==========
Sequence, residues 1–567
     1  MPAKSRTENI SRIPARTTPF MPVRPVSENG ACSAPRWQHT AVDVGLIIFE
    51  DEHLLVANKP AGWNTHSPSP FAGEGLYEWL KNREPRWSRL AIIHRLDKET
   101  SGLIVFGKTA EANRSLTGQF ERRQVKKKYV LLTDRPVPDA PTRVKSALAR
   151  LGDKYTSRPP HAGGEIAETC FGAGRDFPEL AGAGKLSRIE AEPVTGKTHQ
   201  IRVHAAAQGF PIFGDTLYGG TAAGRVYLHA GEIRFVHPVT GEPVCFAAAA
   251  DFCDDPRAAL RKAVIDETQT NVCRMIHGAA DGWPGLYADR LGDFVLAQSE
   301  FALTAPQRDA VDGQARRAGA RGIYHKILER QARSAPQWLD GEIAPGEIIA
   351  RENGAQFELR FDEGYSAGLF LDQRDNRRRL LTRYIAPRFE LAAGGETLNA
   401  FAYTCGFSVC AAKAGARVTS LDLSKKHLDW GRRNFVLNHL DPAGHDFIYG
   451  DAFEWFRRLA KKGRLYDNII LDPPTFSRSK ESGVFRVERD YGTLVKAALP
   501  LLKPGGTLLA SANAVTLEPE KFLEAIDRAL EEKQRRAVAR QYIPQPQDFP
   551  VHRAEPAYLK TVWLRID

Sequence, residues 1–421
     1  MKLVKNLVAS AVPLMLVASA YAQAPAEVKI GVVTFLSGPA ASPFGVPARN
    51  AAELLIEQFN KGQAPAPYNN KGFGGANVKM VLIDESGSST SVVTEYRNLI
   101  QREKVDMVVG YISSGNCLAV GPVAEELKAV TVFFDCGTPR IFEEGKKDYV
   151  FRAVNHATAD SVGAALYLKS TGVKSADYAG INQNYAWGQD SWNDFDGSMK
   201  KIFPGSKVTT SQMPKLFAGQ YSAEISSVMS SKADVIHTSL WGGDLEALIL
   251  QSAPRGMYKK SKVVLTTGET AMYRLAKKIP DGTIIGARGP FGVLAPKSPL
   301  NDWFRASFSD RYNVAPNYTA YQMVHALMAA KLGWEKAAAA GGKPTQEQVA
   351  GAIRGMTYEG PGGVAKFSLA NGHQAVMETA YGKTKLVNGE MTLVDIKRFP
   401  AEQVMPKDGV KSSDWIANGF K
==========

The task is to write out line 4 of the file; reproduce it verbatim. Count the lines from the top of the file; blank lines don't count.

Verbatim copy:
   101  SGLIVFGKTA EANRSLTGQF ERRQVKKKYV LLTDRPVPDA PTRVKSALAR